Effectiveness of geriatrician-performed comprehensive geriatric care in older people referred to a Danish community rehabilitation unit


Dmitri Zintchouk
PhD, klinisk lektor og overlæge ved Geriatrisk afd. Aalborg Universitetshospital Syd


Background: Patients’ length of stay in hospital is declining and therefore rehabilitation of frail older persons must be provided in the community outside hospitals. During the past decades, community-based rehabilitation units in Denmark have offered older persons an opportunity to improve their level of functioning. The goal has been to reduce re-hospitalization and restore functional ability during a 3- to 5-week rehabilitation stay. Data from the National Patient Registry in older adults referred to a community rehabilitation unit in Denmark showed a significant number of hospital admissions and emergency department (ED) visits within 3 months of start of the rehabilitation stay. Suboptimally treated subacute medical conditions and inappropriate medication may result in visits to the ED or re-hospitalization. An integrated model of care such as comprehensive geriatric assessment (CGA) can address and prioritize older people’s complex health needs. Core components of CGA include evaluation of functional capacity, fall risk, cognition, polypharmacy, social support, goals of care, and advanced care preferences. The recently suggested concept of comprehensive geriatric care (CGC) covers the combined assessment and interventional follow-up process. However, we do not know whether CGC provided by a geriatrician will make standard rehabilitation more effective and reduce hospital contacts.

Aim: The aim of this randomized controlled trial was to examine the effectiveness of geriatrician-performed CGC in older people referred to a non-hospital-based rehabilitation unit. We wanted to examine whether it was possible: (1) to reduce hospital admissions and ED visits without increasing mortality and institutionalization; (2) to optimize medication use and to increase functional ability as well as quality of life.

Methods: The 368 participants were 65 years of age or older and were referred to two Danish community-based
rehabilitation units from home or hospital. The exclusion criteria were assessment by a geriatrician during the past
month or receiving palliative care. The intervention was CGC performed by a geriatrician in collaboration with the staff of the rehabilitation units. The medication adjustment based on clinical judgment was the key element of the geriatric intervention. The control group received standard rehabilitation with GPs as back-up. The primary outcome was the number of hospital admissions and ED visits in the first 90 days following admission to the rehabilitation units. The secondary outcomes included the number of days spent in hospital, number of ambulatory contacts, number of GP contacts, medication use, cognitive function, activity of daily living (ADL) function, overall quality of life, residential status, and mortality.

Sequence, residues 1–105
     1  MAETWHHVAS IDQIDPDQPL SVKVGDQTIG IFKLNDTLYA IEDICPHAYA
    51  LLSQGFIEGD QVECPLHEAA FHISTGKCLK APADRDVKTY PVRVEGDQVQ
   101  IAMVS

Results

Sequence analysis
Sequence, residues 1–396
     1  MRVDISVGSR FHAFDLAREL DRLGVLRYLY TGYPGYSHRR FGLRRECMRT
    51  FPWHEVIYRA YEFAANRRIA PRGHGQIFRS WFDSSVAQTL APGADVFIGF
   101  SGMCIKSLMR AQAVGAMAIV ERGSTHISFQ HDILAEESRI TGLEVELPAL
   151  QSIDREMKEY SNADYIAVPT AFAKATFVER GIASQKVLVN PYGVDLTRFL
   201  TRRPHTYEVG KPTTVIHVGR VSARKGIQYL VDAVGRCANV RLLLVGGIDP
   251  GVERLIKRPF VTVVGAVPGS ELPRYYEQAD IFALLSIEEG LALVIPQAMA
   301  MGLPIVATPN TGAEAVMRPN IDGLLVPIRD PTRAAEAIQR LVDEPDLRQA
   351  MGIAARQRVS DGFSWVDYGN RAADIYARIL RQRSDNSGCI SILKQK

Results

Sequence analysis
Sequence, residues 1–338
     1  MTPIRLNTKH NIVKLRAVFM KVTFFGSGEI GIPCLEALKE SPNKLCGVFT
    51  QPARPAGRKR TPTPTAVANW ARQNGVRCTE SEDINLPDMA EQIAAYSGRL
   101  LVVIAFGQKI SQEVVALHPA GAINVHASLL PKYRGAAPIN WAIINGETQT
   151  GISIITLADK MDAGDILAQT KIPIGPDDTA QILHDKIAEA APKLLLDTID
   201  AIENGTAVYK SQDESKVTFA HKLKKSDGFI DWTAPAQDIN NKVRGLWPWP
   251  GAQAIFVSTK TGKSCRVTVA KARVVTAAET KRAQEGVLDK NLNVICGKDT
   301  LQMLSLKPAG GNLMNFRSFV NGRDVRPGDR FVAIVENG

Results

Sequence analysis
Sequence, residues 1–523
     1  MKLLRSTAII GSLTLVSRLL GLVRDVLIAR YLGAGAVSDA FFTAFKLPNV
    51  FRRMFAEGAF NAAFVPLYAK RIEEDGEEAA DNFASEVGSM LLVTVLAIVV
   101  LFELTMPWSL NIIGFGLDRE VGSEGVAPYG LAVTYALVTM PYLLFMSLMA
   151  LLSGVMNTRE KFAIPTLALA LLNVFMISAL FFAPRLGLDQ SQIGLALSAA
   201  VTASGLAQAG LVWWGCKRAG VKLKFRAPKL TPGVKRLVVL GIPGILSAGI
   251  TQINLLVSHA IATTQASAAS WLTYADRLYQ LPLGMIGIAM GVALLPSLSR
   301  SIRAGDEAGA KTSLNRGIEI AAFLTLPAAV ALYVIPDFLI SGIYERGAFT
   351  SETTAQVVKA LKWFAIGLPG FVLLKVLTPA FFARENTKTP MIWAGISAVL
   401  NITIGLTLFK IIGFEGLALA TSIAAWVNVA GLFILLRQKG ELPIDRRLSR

Results: No difference in the number of hospital admissions and ED visits was found. The number of days in hospital, ambulatory contacts, and out-of-hour GP visits or phone calls did not differ between the groups. The number of daytime GP consultations and visits or phone and email consultations was lower in the Intervention group compared to the Control group. Use of day-time GP services was lower in the Intervention group during the rehabilitation stay, but not afterwards. Institutionalization and mortality rates were similar in the two groups. The intervention reduced the prevalence of hyperpolypharmacy (≥10 regular medications prescribed concurrently) and the use of proton pump inhibitors, loop diuretics, and anti-asthmatic inhalers. No difference between the groups regarding changes of cognitive function and ADL function was found. More participants in the Intervention group than in the Control group improved their overall quality of life during the 90-day follow-up.

Conclusions: The geriatrician-performed CGC did not reduce the number of hospital admissions and ED visits during the 90-day period after the participants initiated their individualized rehabilitation stay. No effect was found with regard to the number of days in hospital, ambulatory contacts, institutionalization, and mortality. The observed effect in the form of a reduction in the total number of GP contacts during the rehabilitation stay did not persist. The intervention slightly reduced the hyperpolypharmacy and optimized medication profile. The intervention did not improve cognitive function or ADL function, but seemed to improve overall quality of life during the 90-day followup.

Perspectives: The present PhD project was unable to prove that the presence of a geriatrician providing ‘on site’ medical expertise at a community rehabilitation unit should be standard in Danish healthcare. The target group for CGC may be more selected. A future long-term follow-up RCT evaluating CGC performed by a geriatrician or a primary care physician with an interest in older people in a community-based rehabilitation unit should include frailty assessment at baseline or a validated frailty index as part of the inclusion criteria. A pragmatic approach to target the study population could be to focus on functionally impaired older people with hyperpolypharmacy.

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27 juni 2024

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